Portraits of the Faceless

A Photographer Discusses Her Work “Borderland”

Nine years ago, photographer Katharina Hesse began to make portraits of North Korean defectors. To protect their identities she asked only that they “give something” of themselves to the photographs. Her subjects bury their faces in their hands, or slip them beneath the collar of a shirt or into the shadow cast by the brim of a hat. Hesse pairs the portraits with images of the desolate terrain the defectors must traverse to cross the border into China and of the brightly lit bridges over the Yalu River that will deliver them straight back to North Korea if they are caught. These are hard places to hide. Together, the portraits and the landscapes build a sense of the terror these people must feel as they try to move across such exposed spaces without being seen. Hesse’s photographs are the work of a journalist, but there is also something darkly poetic in the way they brood over the question of what it means to make pictures of people forced to hide in plain view.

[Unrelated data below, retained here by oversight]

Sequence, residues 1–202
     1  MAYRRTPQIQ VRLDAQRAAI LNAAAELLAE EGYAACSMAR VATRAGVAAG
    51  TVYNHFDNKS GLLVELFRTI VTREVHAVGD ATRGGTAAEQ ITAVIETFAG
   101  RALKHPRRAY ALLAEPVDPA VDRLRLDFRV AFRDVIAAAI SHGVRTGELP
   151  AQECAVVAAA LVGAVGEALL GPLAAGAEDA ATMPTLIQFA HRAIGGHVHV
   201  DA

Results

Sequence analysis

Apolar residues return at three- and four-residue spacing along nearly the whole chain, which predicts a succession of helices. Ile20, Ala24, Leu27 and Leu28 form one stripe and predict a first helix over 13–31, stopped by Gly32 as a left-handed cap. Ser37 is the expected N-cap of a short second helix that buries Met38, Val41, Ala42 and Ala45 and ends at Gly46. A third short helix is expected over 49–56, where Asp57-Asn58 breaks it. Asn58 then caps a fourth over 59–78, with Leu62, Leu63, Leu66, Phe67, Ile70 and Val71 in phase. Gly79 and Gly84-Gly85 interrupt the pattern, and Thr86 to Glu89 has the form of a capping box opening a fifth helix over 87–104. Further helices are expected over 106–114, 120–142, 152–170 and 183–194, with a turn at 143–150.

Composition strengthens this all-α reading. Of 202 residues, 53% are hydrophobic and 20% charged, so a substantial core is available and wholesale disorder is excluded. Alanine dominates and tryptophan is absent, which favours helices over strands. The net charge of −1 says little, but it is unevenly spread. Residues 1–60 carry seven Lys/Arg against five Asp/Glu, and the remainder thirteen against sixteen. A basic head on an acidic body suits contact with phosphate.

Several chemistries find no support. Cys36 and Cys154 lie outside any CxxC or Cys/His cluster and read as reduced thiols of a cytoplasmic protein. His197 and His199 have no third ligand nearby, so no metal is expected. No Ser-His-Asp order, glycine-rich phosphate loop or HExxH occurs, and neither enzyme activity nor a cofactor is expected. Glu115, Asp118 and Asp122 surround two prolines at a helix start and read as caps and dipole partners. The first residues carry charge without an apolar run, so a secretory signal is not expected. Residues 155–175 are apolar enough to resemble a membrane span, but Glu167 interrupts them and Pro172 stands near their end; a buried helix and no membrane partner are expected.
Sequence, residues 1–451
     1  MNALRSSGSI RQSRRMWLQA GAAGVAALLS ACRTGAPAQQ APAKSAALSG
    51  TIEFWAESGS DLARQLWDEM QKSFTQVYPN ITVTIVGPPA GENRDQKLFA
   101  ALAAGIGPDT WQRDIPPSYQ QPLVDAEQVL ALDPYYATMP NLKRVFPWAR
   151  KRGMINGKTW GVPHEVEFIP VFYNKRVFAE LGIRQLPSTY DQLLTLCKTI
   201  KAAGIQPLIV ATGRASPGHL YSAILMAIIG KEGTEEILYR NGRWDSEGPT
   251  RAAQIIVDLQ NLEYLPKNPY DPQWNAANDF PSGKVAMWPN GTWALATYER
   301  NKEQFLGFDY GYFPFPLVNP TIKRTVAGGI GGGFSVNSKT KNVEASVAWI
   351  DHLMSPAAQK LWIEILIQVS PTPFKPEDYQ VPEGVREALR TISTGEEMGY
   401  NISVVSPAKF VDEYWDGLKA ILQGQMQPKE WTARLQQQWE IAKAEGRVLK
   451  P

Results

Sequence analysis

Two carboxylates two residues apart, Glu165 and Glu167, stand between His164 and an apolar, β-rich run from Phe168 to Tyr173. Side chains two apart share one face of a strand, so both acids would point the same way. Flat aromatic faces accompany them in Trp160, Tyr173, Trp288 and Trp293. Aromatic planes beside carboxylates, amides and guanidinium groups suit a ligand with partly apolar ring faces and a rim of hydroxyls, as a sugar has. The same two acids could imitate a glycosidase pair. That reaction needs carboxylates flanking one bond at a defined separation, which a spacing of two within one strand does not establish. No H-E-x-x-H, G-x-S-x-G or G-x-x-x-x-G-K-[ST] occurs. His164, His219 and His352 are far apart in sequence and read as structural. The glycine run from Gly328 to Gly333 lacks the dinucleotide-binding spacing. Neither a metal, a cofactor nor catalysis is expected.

Originally from Germany, Hesse has spent the past twenty years in China. Her work has been recognized by the Open Society Foundation and was included in this year's Moving Walls exhibition. She is currently looking for funding to continue the project.

Hesse spoke to ChinaFile about the origins of the project and stories behind the pictures.